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Practitioners' Library: Family and Juvenile Court Practice

"This edition is long overdue as the case law development has been significant since the publication of the first edition. I am heartened to note that the book takes into account all the important decisions of the appellate courts, especially those of the Court of Appeal which have laid down broad principles to guide the lower courts...."
Publisher: LexisNexis
SG$ 382.53
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In Stock
ISBN/ISSN: LNSGPRLIBFAMB
Publisher: LexisNexis

Description of Product

Book Review:

"This edition is long overdue as the case law development has been significant since the publication of the first edition. I am heartened to note that the book takes into account all the important decisions of the appellate courts, especially those of the Court of Appeal which have laid down broad principles to guide the lower courts. Certain principles (such as the fact that the court's discretion in the context of the division of matrimonial assets is to be exercised in broad strokes rather than by way of an unrealistic mathematical approach) are re-emphasised, but specific principles have also been noted in this work.

Briefly touching on only two areas, first, in relation to the division of matrimonial assets, there is reference to decisions which deal with a number of significant issues. For example, the Court of Appeal has confirmed that there is no starting point or presumption or norm of equality of division, although it would not hesitate to award half (or even more than half) of the matrimonial assets in an appropriate case. To take another example, the Court has also reiterated that it is not mandatory for a court to exercise its powers of division under s 112 of the Women's Charter and that it may decline to do so in an appropriate case where there are valid reasons not to do so. Secondly, turning to the law relating to the custody (as well as care and control) of children, the decision of the Court of Appeal in CX v CY [2005] 3 SLR 690 is a significant one and is, not surprisingly, referred to a number of times in the present work. There are other decisions in the law of custody as well.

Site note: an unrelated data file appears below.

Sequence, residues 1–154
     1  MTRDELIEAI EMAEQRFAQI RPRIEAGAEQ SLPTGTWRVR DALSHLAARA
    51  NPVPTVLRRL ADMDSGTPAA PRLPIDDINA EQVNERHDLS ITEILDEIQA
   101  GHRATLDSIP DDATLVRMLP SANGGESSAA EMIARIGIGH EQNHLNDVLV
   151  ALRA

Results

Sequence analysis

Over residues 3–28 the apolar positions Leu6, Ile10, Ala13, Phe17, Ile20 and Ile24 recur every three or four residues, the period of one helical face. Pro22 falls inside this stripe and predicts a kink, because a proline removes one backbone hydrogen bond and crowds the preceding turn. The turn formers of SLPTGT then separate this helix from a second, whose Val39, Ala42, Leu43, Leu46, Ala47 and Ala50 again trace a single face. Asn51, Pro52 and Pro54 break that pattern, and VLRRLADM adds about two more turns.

Indeed, the case law development across the entire field of family law since the previous edition is too extensive to detail here, although it is encouraging to note that amongst the various decisions referred to are many emanating from the Family Court itself. In addition, this edition also describes the equally important procedural developments that have taken place in the adjudication process as well as those to mediation and counselling in the Family Court as well as the Juvenile Court.

This is a work which I would strongly commend to practitioners, academics and students alike."

Chan Sek Keong
Chief Justice, Singapore

Table of contents

· Chapter 1: Validity of Marriages 
· Chapter 2: Disputes over Property
· Chapter 3: Family Violence
· Chapter 4: Maintenance of Wife and Children During Marriage
· Chapter 5: Guardianship and Custody
· Chapter 6: Adoption
· Chapter 7: Family Proceedings Involving Muslims Heard at The Family Court
· Chapter 8: Relevant Provisions in Matrimonial Proceedings
· Chapter 9: Matrimonial Proceedings: Practice and Procedure
· Chapter 10: Divorce
· Chapter 11: Ancillary Matters: Division of Matrimonial Assets
· Chapter 12: Ancillary Matters: Maintenance
· Chapter 13: Ancillary Matters: Custody, Care and Control of Children
· Chapter 14: The Family Relations Chambers
· Chapter 15: The Juvenile Court of Singapore